As I turned to attend one of the seminar streams, a young Yemeni woman came up to me and said, “Thank you for your presentation, it was interesting, but I don’t understand, it really frustrates me, why are you fighting for us to work? You know it is the man’s job to take care of his wife. She is a gem in his eye that he needs to preserve. This is what our religion says. Women like you are calling for us to work and earn money and now men are looking for brides who work so she can share the household bills. It is a big problem for us women now!” I surmised that this woman held the Islamic fundamentalist feminist position (Yamani 1996), as she felt protected within the current classic patriarchal system (Kandiyoti 1988), which she legitimised within an Islamic framework. She seemed uneasy with the blurring of the dichotomous lines of the traditional gender roles when women participated in the workplace as men did. I explained that I believed a woman should have a fair choice and opportunity to work and take care of herself. I also explained that economically it has become almost impossible for many families to live off one income; and therefore, it made sense that women work and contribute to the household. Alas, she did not agree. She could not see how this could be empowering for women or families in society. I did not know enough about her class, education or family background, which are key factors in women’s active resistance to such systems (Kandiyoti 1988), but it seemed that breaking away from the status quo was not something she could realise, regardless of her desire for it.

As I was walking down the business school corridor feeling disheartened, a young Jordanian woman with a colourful long flowing skirt and beautiful headscarf came up to me and held my hand. She looked into my eyes and said, “ Thank you Sophie. Thank you for coming from far away to tell us about your research. You have really inspired me, beyond what you can imagine. We need women like you. I am an ambitious and hardworking girl and I would like to do a PhD after I complete my master’s one day. I think Arab women have so much to contribute to society. I think I can contribute a lot to my country”. My eyes filled with tears. I could not begin to describe to her how she had come at the perfect time and that I needed her in that moment just as much as she claimed she needed me.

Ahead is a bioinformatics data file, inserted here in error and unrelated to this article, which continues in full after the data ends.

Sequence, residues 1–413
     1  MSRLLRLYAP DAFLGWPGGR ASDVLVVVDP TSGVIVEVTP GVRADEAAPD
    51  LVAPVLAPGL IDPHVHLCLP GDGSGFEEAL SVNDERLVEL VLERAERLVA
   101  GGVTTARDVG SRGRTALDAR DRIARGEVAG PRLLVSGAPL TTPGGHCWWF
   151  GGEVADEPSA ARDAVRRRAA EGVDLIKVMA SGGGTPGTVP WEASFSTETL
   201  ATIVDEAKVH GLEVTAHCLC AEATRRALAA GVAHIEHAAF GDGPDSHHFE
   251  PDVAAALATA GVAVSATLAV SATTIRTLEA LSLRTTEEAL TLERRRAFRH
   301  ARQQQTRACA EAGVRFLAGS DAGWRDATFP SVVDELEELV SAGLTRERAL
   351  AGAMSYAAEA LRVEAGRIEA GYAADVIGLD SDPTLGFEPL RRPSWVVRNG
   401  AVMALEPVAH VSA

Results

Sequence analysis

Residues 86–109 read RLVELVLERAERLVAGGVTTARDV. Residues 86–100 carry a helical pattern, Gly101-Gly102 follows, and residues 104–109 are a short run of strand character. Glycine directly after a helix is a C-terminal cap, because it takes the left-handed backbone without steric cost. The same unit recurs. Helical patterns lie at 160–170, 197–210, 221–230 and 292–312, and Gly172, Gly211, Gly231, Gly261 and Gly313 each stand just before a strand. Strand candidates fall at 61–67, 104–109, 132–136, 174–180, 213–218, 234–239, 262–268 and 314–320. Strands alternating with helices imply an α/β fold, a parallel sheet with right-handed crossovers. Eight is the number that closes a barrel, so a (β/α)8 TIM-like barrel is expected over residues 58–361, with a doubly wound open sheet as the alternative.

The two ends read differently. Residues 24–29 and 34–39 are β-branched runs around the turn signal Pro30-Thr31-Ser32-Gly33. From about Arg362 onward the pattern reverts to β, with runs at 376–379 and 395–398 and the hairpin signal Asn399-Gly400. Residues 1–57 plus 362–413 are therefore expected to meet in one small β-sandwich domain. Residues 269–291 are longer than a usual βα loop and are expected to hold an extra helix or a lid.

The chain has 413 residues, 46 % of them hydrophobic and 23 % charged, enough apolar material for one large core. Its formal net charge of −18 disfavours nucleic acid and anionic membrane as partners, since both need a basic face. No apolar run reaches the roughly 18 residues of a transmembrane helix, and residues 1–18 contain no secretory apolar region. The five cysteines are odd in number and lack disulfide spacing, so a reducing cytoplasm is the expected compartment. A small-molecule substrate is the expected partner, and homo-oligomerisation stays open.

My original perplexing question at the beginning of this chapter was, “You have to decide, are you one of us, or one of them”, which I (sub) consciously evolved during the narrative of my academic journey to “What kind of feminist am I?” Amongst all the categories of feminism, I (and others) wonder, “Who am I representing?” Am I a “Western” or an “Arab” feminist? Am I a “secular” or “Islamic” feminist? Are these categories mutually exclusive? How do I fit into these categories in conferences and amongst my peers? However, these somewhat paradoxical incidents (where my hybridity was either welcomed or rejected) throughout my academic journey have made me realise that I did not need to decide what “kind” of feminist I was in order to ‘be’ as a feminist. My current passion and curiosity for my research subject, and the contribution to knowledge that I make, are not confined to one country or one continent or to a particular feminist approach. I am aware of the grave dangers of collectively placing women within one category without respecting the intersectional nature of women’s lives (Crenshaw 1997; McCall 2005); but nonetheless, I feel that regardless of our nationality or feminist stance, many of us are fighting for the same things. We want gender equality and our human rights. We are striving for our freedom—our freedom to be educated, to work, to be paid equally, to be independent, to practice our religion, to be ambitious, to have families (or perhaps not have families) and be able to choose whether we would like to stay at home with our children or balance family life with work. We want to work in safe environments, where we are respected and commended for our efforts. We want our voices to be politically heard and represented—amongst many other wishes. Why does it matter what “kind” of feminist I am so early on in my career when I should be exploring my freedom to contemplate these notions, free from the social or academic pressure to commit to a label at this stage.